Several kids robbed and vandalized a building I own. I believe the police have now caught the suspects. I think charges will be pursued shortly. I will actually be out quite a bit of money although the amount is not the end of the world. In talking with some friends it looks like there may be some possibility that I don’t have to personally try and sue them to get my money back. They thought I could maybe get some money back through the criminal cases. Is this true? I am not very familiar with the process.
The answer to your question is “yes” it is a possibility to recover for your losses from the perpetrators through the criminal case. This process is called restitution.
Without knowing really anything about your case, I will assume that the defendants will in fact be charged and convicted. As with any court process, sometimes there are valid reasons why a prosecutor chooses not to pursue a case or the case is pursued but does not result in a conviction. Of course in those circumstances, you would maybe be forced to consider a civil case to recover for damages.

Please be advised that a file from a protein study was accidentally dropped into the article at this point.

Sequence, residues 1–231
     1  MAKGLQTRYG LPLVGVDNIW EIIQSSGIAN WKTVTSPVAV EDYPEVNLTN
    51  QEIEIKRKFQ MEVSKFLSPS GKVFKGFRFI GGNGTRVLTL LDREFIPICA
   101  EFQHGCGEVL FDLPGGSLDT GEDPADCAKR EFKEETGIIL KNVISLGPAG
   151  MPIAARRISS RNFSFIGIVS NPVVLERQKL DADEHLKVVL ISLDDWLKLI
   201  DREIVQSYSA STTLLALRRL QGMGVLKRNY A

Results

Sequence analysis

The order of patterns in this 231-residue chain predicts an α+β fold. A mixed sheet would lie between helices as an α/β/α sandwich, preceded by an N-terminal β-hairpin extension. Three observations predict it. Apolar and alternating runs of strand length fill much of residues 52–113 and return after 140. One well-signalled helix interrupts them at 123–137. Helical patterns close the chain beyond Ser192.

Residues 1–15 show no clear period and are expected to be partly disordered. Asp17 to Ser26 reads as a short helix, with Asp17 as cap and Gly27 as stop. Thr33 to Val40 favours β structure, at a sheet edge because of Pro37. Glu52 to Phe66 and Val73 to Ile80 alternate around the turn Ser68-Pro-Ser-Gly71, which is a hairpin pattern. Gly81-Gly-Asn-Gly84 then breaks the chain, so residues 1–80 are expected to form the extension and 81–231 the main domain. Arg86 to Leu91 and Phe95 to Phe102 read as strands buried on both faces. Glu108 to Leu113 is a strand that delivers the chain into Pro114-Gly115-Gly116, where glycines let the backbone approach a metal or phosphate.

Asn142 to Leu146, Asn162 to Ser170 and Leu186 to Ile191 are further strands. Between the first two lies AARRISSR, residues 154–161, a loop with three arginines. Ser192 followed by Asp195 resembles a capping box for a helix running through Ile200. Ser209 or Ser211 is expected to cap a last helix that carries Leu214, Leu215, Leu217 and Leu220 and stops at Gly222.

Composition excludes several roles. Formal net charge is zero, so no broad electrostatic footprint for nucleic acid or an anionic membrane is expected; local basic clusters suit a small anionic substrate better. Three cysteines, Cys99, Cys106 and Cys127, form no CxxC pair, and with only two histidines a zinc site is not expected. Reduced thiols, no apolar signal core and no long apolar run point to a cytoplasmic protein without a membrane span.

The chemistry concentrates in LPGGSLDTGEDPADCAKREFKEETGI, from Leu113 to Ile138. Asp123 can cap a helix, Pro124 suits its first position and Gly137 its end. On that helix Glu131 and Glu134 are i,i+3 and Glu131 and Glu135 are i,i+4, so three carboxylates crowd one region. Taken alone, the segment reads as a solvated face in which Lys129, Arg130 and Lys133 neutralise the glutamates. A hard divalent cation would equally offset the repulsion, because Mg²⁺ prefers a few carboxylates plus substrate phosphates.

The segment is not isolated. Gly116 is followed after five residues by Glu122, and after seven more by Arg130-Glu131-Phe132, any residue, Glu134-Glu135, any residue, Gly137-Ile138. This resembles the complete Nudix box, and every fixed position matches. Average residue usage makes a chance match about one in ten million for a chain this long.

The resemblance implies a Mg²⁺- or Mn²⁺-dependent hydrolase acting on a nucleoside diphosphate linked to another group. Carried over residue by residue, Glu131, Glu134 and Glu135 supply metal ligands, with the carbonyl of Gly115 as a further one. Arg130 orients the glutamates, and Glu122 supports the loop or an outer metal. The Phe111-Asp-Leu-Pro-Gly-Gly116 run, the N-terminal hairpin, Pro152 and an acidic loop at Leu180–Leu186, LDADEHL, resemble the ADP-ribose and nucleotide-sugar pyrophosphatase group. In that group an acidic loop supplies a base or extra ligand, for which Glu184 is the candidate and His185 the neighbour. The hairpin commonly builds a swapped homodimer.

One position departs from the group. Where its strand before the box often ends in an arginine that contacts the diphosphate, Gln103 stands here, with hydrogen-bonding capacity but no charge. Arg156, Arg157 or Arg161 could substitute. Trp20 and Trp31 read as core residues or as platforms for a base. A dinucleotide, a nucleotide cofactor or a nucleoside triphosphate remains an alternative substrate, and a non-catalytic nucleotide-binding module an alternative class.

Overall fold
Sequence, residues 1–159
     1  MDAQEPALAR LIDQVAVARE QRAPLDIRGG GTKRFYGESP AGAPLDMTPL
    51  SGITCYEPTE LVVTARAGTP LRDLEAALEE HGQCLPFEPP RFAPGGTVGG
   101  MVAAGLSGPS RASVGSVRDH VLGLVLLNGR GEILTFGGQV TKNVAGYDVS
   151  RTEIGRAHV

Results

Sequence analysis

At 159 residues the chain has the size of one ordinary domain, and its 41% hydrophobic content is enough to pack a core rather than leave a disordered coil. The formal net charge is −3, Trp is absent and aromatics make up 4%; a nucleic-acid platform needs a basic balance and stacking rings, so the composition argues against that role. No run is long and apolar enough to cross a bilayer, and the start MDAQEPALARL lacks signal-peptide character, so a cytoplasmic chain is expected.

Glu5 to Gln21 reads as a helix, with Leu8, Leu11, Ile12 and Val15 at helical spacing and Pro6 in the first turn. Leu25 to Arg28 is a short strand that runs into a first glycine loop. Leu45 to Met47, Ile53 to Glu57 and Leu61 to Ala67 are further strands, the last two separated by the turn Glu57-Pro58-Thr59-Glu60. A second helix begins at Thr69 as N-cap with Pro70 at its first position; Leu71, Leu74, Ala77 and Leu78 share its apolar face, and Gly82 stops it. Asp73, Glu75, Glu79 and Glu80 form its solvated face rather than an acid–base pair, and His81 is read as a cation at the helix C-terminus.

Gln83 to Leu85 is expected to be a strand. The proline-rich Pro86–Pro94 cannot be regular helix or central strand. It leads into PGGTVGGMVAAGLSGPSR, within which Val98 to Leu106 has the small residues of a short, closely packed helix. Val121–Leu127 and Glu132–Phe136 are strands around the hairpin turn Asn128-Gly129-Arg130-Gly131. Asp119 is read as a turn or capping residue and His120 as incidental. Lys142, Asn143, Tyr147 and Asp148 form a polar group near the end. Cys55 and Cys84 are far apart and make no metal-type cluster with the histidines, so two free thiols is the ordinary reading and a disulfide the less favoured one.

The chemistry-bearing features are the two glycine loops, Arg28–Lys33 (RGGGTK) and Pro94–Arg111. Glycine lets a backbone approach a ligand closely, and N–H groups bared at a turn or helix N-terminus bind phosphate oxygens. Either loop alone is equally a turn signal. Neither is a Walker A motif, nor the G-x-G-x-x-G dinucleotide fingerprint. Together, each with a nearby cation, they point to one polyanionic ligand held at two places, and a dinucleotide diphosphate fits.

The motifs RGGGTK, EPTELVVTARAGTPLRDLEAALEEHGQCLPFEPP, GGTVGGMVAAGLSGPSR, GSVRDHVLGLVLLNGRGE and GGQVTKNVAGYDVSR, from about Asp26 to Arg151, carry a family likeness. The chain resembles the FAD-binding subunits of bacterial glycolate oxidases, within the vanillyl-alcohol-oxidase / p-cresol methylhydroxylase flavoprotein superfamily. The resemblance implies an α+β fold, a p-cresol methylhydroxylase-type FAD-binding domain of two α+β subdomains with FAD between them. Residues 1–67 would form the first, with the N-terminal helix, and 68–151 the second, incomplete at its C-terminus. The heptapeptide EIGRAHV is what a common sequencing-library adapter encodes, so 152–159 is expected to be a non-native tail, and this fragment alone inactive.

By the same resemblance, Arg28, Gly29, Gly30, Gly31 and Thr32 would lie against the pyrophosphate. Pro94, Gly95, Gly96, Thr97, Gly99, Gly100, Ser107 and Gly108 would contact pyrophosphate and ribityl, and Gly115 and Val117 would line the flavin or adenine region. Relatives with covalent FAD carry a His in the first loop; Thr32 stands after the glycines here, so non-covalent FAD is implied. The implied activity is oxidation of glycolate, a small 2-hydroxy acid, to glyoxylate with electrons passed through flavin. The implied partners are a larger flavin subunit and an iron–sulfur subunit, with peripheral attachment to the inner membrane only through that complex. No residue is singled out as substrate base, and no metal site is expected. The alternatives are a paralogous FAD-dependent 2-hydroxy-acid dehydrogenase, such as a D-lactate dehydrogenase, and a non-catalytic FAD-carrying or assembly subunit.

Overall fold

Assuming that a conviction is obtained against the defendants in your case, the defendants could still request what is called a restitution hearing. The restitution hearing would allow them to dispute the amount of restitution demanded. Thus, you would be well advised to gather documentation demonstrating the extent of your loss. This may include appraisals, estimates or receipts to value personal property or evidence of the cost of repairs that were made to the building.
Again, assuming all defendants are convicted, they will be jointly and severally liable for the entire amount. This means that one defendant is not off the hook by simply paying what amounts to his proportional share of the total. Rather, each defendant is responsible until the entire amount is collectively paid.
Then, assuming the judge awards restitution, there will be some court oversight and a requirement that the amount be paid. For instance, the judge may order the payment of restitution as a condition of probation. The amount may eventually be turned over to the collection process as well.